Lesson 9—More Than Just Any Word
Scripture: 1 Peter 2:1-2
Lesson Goal: To gain a better understanding of the importance of God’s Word in our lives.
“Love for and delight in God’s Word always marks the truly saved” (MacArthur).
The true believer’s delight in God’s Word is the dominant theme of the longest chapter in the Bible, Psalm 119. Jesus said in John 8:31-32, “If you abide in My Word, you are My disciples indeed. And you shall know the truth, and the truth shall make you free.
Chapter two of 1 Peter is about growing spiritually as a true believer. In these verses we are taught the importance of growing and maturing in our walk of faith. This chapter will help us in moving forward in our faith and growing up spiritually.
1 Peter 1:1-2—These verses flow out of the previous chapter and are connected with the word “therefore” which draws our attention back to the subject of the Word of God. Peter understood and wants his readers to understand the life changing power of the Word. True believers should exhibit and reflect this change in their daily lives. Peter wants his readers to understand their journey of life is truly a lifetime of growing.
(Verse 1) “Laying aside” follows “therefore.” As a result of “therefore,” there are some things that do not belong in the life of the child of God (the true believer). As a believer, we are to separate ourselves from these things. We are to do this by “laying aside” these things.
Greek word Apotithēmi, “lay aside, put off.” This word is used in Romans 13:12 when Paul urged the Romans to “cast off” the works of darkness. This word is also used in Acts 7:58 when they “laid down” their clothes at the feet of Saul. We are instructed that there are things in our lives that we need to “lay aside.”
➢ What does it mean to have the Word of God implanted into your heart?
➢ What are you doing to plant the Word of God in your heart?
➢ How important is it to you that the Word of God is implanted into your life?
➢ How much time did you spend reading or listening to the Word of God this past week?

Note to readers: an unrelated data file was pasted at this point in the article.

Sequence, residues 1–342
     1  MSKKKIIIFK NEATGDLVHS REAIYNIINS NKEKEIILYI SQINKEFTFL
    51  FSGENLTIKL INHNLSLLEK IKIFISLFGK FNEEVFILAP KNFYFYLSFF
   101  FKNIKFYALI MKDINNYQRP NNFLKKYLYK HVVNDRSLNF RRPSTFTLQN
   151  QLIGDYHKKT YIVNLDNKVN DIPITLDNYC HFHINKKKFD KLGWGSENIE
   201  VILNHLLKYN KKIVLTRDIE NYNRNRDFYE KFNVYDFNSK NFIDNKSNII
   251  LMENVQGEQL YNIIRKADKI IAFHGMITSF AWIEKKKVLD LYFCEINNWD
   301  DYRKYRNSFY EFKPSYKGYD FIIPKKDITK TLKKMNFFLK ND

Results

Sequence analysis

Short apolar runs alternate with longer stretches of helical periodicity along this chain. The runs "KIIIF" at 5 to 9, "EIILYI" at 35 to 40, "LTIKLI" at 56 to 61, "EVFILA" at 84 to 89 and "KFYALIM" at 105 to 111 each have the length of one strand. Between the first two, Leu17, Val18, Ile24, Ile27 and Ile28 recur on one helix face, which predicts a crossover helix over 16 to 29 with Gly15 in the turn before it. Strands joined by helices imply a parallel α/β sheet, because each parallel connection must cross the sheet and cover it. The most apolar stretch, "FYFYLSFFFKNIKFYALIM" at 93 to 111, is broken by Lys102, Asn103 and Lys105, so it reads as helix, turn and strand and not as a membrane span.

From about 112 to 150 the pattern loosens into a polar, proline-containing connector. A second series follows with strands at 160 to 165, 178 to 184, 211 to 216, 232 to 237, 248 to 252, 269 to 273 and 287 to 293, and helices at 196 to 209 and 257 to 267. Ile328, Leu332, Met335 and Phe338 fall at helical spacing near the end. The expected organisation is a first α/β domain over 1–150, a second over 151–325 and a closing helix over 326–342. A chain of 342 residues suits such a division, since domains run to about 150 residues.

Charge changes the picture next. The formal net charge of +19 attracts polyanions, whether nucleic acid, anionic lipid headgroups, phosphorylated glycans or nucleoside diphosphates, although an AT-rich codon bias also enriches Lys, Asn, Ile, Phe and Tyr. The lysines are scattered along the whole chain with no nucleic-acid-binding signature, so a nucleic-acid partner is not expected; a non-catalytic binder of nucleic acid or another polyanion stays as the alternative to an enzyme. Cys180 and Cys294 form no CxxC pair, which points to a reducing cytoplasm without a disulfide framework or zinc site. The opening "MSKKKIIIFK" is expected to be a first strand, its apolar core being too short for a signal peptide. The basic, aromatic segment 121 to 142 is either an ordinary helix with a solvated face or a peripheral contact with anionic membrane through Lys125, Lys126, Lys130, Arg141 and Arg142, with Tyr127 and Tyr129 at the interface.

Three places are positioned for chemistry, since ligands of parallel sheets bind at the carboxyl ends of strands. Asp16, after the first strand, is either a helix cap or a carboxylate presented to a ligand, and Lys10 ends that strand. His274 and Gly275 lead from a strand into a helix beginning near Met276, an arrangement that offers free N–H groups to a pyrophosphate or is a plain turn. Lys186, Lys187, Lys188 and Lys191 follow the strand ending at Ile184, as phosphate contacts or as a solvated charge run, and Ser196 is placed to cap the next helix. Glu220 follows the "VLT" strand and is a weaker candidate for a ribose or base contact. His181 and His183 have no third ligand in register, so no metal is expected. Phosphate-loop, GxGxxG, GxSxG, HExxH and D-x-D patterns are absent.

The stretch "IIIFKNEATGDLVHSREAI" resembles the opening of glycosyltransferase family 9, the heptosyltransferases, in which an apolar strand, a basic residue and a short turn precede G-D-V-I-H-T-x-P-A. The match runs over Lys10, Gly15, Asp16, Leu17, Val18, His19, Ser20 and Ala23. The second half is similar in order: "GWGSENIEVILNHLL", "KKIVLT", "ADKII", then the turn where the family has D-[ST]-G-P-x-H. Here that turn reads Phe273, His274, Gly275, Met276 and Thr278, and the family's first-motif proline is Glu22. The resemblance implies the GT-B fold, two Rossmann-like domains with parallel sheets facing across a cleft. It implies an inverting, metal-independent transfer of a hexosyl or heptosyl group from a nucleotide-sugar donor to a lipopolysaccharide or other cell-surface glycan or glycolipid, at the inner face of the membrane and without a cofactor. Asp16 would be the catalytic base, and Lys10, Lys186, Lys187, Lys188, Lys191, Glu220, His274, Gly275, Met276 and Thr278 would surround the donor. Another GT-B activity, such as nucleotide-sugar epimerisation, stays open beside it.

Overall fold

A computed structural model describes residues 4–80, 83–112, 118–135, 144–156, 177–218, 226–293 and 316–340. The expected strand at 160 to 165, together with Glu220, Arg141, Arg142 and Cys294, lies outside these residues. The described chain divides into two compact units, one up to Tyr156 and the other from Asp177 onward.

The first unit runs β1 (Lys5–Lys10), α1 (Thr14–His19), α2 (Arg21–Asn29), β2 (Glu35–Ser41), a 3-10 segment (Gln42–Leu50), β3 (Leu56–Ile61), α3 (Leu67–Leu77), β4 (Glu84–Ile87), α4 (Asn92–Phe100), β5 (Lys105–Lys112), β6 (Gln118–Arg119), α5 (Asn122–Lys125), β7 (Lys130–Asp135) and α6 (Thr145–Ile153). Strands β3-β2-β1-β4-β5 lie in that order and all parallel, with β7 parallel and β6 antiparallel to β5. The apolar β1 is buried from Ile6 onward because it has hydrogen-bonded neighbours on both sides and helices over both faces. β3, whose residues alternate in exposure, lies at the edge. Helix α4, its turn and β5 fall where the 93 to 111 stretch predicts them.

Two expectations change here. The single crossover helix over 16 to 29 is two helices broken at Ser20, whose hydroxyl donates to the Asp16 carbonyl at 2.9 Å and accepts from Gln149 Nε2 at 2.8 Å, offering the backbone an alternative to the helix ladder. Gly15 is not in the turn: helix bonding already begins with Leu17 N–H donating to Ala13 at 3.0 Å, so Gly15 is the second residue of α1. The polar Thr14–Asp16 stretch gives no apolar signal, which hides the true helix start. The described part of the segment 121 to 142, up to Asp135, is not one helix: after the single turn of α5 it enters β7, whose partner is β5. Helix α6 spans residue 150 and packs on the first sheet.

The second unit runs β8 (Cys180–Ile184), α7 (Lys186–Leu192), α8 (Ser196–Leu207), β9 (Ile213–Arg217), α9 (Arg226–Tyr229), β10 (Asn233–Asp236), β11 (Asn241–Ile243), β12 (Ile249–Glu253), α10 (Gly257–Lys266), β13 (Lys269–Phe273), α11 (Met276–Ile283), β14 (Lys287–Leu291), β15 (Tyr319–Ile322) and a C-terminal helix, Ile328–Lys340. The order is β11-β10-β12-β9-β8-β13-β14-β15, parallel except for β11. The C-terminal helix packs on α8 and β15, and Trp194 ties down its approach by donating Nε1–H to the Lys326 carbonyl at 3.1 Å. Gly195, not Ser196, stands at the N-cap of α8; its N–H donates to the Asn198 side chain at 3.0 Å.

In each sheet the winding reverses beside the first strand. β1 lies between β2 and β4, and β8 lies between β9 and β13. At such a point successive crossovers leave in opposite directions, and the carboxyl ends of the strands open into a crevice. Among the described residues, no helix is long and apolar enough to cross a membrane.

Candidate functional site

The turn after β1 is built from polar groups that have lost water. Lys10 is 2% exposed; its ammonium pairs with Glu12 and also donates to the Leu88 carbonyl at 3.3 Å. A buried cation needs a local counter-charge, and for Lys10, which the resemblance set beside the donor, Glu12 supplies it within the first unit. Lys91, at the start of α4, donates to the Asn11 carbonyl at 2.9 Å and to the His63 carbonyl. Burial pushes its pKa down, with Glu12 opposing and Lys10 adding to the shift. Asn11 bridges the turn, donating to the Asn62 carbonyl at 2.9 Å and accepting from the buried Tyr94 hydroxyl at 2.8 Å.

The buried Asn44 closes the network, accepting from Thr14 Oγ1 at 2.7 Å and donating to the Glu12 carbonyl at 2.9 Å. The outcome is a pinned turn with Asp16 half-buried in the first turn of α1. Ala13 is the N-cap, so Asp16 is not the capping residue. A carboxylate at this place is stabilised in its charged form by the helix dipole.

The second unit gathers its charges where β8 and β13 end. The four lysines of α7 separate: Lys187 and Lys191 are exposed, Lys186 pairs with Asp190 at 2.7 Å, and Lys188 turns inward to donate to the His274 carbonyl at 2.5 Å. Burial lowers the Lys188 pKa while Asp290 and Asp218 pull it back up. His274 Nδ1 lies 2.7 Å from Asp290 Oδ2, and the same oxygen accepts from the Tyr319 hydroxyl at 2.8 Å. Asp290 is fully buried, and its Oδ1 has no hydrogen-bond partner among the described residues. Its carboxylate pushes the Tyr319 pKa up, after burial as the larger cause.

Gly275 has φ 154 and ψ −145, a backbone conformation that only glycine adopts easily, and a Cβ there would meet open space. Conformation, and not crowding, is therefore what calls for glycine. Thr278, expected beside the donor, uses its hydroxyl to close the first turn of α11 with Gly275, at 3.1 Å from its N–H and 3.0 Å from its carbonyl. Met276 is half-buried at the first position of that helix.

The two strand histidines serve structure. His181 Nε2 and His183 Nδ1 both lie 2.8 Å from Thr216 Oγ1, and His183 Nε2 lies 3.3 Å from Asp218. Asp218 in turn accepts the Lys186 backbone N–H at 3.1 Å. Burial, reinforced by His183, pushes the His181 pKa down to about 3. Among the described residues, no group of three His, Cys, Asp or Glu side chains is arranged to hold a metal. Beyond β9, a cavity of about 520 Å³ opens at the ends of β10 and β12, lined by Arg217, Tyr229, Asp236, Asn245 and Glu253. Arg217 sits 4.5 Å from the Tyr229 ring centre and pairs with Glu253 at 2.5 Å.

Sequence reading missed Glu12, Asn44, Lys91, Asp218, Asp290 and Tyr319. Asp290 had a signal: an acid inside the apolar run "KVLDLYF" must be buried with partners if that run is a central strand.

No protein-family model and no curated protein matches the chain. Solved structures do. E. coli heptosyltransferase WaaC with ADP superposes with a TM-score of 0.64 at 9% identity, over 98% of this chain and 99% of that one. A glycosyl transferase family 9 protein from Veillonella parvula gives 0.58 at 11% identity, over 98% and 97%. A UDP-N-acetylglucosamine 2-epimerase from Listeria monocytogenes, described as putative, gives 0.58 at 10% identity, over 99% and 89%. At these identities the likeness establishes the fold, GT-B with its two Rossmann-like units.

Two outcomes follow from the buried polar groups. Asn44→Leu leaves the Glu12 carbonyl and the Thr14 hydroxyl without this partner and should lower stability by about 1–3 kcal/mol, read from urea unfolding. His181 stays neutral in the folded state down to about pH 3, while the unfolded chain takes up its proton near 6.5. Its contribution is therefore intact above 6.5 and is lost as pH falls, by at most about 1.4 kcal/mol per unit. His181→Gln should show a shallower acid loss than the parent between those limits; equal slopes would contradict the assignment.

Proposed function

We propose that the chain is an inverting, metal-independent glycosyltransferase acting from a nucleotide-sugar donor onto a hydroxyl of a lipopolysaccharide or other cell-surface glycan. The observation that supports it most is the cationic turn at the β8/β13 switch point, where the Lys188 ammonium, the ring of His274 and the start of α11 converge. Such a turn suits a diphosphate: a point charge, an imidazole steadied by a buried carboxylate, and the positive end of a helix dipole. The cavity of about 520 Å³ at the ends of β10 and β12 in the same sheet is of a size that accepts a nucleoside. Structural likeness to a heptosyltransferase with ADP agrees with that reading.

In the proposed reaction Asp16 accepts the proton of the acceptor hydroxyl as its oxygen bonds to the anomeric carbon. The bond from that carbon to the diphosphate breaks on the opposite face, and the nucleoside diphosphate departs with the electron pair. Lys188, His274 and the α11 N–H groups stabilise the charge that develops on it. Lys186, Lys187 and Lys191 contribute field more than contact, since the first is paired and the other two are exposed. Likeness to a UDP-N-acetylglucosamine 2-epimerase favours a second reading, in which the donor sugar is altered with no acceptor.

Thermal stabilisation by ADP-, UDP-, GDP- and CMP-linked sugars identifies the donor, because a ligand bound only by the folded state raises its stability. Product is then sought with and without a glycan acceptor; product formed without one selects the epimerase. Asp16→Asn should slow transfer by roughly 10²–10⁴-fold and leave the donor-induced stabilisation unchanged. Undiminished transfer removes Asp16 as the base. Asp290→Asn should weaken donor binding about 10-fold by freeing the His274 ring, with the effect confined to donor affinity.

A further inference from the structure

Do not include time reading or listening in church. Circle the most accurate answer:
1 minute 5 minutes 10 minutes 30 minutes 60 minutes
Following the instruction to “lay aside,” Peter gives his readers instructions concerning some specific things they need to lay aside. Five things in particular are mentioned, and note, all five of these have been stated in the former passage. Peter has instructed his readers to love one another with genuine and pure hearts. Now they are instructed to “lay aside” or “put off” the things which hinder their spiritual growth. These things ultimately affect their love for one another.
In ancient Christian baptism ceremonies, those being baptized customarily took off and discarded the clothes they wore to the baptism. Following their baptisms, they put on new robes they received from the church. Exchanging clothes symbolized the salvation reality of laying aside the old life and taking up the new. Read Romans 6:3-7; 2 Corinthians 5:17; Ephesians 4:24.
“Malice,” not simply malice but “all” malice
The word malice has several meanings: Wickedness, all kinds and forms of evil, the holding of grudges and acting out of these grudges against others, concealed anger, unforgiving spirit, deep-seated feelings against a person, anger and hatred that last on and on.
Malice means that a person has turned his heart over to evil and it is evidenced by actions and attitudes that desire to inflict pain, harm, or injury on another person.
“Deceit,” all deceit
Deceit refers to dishonesty, to speaking or acting with ulterior motives. It speaks less than the full and complete truth. It is an attitude that hurts others for personal gain.
This word comes from a verb meaning “to answer.” Originally, a hypocrite was simply a person who answered. Later the word came to mean “to act,” as in a person who is acting out a part and literally meant one who wore a mask to hide one’s real self. Hypocrisy simply means attempting to be what you are not. Notice that Peter used the plural form of hypocrisy—the Greek word “hypokriseis,” meaning all kinds of hypocrisy.
“Envy”—a desire to have or possess what belongs to someone else (the Greek plural “envies” is used here). Envy produces a displeasure brought by the prosperity or success of others.
“All evil speaking”—slander of every kind. It specifically speaks to running others down. It deliberately assaults the character of others. It is any speech that harms another and includes criticism that boasts one’s self.
Peter instructs that none of these practices should have any place in the life of the true believer. In obedience to the Word of God, believers are to rid themselves of such attitudes and actions.
As newborn babes, desire the pure milk of the word.
“God’s word has life, gives life and nourishes life” (Wiersbe).
Peter warned his readers to “lay aside” certain wrong actions and attitudes that would hinder their appetites, desire, and spiritual growth. Just as a newborn craves milk, the true believer should crave God’s Word.
Questions for Life Focus
Ask yourself: How is my craving for the Word of God? (If you need help answering, go back to the question at the top of page 28.)
Why do I need to read and study the Word of God? (For help, read Psalm 119:11)
Would you ask God to give you the desire to read His Word?